The future of the North will be determined by the choices, aspirations, and priorities of its youth. The Youth Perspectives Series is a publishing platform for students to voice their opinions, share their experiences, and influence the debate about their homeland. The forum features articles, videos, illustrations, poems, and multimedia projects created by youth living in the Arctic on the issues that matter to them most. Hosted by The Arctic Institute (TAI), Youth Perspectives is produced in partnership with Students on Ice, Arctic Youth Ambassadors, and the Arctic Adaptation Exchange. The installment below is the second of many throughout 2016 that will be featured on the TAI’s forthcoming new website.
If you are a student living in the Arctic and are interested in publishing with us, or if your organization would like to partner with or sponsor Youth Perspectives, please contact our Managing Director at email@example.com.
After I was sexually assaulted in Nunavut, a mental health worker grabbed a textbook off her shelf, opened it, and began reading me questions. Before I walked out, I told her I could read a list myself on the internet — before remembering I didn’t have internet because of the outrageous price. All I can think is: am I still in Canada?
I watched adults sincerely congratulate a fourteen-year-old girl on her pregnancy. Am I still in Canada?
I invited pre-teen girls over but asked if they could go home for dinner and come back after. I needed alone time. They said they couldn’t. When asked why, they said nonchalantly, “There is no food at home.” Am I still in Canada?
My nineteen-year-old friend, a mother of two, told me she was proud of me for not having children yet. I was only eighteen. Am I still in Canada?
I went to the Emergency Room for a prescription in the Yukon as I, like many Yukoners, have no access to a family doctor. I was in no pain or urgent need. A young, aboriginal woman behind the curtain next to me was having an extreme anxiety attack, and soon told me she was on her sixth day without alcohol after over eight years of drinking. I helped her get water and cold paper towels because no one else was. The nurse tells her dismissively that she is next to see the doctor. She was afraid she would die. I was afraid she would die. The doctor comes into the room and sees me before her. Am I still in Canada?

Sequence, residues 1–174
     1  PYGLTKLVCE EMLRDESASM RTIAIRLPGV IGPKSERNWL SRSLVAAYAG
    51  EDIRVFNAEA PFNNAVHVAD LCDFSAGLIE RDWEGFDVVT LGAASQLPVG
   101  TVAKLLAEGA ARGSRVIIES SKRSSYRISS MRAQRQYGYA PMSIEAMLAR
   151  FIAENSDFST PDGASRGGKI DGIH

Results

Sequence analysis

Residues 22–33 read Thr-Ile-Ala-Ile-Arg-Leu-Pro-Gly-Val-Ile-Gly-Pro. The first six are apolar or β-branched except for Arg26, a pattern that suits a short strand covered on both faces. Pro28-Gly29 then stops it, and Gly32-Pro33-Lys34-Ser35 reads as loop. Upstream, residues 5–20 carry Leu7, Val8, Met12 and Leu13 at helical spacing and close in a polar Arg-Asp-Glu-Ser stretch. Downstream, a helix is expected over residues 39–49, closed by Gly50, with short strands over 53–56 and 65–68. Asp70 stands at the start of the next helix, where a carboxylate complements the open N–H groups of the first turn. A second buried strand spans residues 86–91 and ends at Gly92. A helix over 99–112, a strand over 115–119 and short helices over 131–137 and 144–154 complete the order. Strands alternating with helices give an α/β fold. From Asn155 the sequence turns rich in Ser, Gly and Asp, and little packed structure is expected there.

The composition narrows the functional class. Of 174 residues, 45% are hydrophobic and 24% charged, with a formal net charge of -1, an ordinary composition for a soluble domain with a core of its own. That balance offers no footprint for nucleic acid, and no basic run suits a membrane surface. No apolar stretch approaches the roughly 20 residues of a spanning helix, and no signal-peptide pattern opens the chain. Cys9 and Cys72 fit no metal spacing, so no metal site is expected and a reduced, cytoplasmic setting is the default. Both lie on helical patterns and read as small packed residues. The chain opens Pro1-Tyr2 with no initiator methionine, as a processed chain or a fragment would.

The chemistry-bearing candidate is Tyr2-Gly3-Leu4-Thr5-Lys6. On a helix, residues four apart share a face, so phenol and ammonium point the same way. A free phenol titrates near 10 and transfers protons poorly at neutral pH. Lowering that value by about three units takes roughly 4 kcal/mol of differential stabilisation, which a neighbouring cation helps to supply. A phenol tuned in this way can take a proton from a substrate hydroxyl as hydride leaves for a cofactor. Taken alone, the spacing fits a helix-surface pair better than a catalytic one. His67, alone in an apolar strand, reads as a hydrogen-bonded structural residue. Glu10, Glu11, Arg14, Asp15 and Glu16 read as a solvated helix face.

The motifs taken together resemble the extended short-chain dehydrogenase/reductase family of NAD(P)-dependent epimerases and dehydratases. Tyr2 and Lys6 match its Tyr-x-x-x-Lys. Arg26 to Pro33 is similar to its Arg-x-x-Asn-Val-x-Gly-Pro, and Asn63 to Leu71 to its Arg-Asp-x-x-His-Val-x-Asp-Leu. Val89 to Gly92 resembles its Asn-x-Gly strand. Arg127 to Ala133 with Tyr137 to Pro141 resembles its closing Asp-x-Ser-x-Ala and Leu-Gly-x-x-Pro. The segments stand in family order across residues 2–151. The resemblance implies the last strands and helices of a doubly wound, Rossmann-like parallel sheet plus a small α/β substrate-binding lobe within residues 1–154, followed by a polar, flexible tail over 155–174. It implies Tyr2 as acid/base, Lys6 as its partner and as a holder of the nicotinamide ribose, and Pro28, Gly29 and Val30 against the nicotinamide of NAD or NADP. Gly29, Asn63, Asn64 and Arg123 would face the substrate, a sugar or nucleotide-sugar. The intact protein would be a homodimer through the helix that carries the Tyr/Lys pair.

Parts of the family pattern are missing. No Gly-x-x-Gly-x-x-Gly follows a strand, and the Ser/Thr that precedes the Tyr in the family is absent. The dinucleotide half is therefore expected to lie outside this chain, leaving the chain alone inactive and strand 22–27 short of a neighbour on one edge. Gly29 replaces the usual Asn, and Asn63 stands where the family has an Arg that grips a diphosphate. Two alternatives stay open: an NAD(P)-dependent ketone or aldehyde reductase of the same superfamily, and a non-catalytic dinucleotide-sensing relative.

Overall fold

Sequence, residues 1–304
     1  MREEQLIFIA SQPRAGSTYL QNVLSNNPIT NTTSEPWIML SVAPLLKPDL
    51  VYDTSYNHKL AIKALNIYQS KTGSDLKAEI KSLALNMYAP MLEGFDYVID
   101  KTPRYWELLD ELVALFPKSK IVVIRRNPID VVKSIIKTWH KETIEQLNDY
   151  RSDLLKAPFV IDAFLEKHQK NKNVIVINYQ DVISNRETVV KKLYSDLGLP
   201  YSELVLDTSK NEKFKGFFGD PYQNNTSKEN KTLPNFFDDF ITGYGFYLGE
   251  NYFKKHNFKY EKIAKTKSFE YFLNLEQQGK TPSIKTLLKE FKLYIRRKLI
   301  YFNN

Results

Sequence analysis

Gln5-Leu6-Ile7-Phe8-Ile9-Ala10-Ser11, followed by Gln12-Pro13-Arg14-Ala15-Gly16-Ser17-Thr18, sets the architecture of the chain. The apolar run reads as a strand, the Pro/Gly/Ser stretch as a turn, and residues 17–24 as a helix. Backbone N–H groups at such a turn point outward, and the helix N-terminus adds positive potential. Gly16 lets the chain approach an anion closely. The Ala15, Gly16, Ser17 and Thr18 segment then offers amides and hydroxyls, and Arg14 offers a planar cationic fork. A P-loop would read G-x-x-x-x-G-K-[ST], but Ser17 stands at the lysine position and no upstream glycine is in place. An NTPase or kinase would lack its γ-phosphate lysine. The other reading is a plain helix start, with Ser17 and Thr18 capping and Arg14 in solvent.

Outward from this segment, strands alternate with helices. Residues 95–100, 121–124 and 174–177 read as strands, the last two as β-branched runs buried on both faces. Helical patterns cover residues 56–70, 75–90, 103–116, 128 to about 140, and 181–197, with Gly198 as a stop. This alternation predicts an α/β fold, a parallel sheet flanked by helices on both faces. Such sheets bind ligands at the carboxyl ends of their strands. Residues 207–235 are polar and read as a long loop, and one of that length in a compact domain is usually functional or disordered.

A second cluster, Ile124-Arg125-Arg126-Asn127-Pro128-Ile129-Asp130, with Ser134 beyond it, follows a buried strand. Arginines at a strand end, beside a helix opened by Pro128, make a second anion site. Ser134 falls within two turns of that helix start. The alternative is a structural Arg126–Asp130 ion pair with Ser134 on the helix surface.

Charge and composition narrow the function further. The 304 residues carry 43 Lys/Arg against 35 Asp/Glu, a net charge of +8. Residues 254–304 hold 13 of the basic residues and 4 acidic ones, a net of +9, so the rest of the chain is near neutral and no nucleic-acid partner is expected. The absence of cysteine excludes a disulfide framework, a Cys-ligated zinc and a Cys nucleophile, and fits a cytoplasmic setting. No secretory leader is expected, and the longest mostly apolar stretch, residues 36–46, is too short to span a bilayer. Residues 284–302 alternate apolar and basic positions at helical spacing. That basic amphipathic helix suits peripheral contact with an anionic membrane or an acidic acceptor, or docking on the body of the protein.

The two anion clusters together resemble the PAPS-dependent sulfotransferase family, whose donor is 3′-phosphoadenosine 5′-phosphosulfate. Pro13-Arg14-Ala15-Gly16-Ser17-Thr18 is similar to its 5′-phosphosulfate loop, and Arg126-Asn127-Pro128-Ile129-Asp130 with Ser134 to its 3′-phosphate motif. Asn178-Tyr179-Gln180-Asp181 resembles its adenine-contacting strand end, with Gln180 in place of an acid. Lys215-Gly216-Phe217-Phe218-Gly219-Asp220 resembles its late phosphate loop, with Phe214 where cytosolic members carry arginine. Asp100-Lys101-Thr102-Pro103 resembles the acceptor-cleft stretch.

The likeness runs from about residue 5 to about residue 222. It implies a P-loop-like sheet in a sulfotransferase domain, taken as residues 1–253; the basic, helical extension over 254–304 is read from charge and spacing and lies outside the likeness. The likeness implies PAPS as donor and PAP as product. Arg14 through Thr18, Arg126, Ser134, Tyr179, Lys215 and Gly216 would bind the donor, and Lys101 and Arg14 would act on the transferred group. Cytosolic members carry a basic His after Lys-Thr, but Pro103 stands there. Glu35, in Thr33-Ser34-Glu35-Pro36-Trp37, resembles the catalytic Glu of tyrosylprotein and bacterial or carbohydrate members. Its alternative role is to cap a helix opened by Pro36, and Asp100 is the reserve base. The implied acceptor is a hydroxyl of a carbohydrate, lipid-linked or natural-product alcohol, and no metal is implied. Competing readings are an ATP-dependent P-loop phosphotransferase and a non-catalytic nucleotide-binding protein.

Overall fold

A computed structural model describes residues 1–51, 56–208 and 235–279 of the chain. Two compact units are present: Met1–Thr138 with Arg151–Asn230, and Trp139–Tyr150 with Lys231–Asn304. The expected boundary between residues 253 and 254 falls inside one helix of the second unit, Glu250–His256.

What do all these tragedies have in common? Mental health.
Mental health is defined as the state of being emotionally and psychologically empowered to pursue your best vision of yourself. Mental health problems are more prevalent in the north due to isolation, darkness, lack of anonymity, and limited educational or employment opportunities. Northern communities have been impacted by the traumas inflicted by residential schools, which were often the sites of physical and sexual abuse, and the systematic injustices inherent within colonization. The cycle continues because of a lack of mental health care and a lack of acknowledgement that the current healthcare system has failed in the north.
Boys grow up with the imported cultural norm of showing no emotions for fear of being seen as less of a man. Instead of talking about feelings and trauma, it is too often expressed as violence towards others in their communities, especially against girls and women. In some remote northern communities, the easiest or often only way to access mental health care would be to go to a southern prison. This has to change.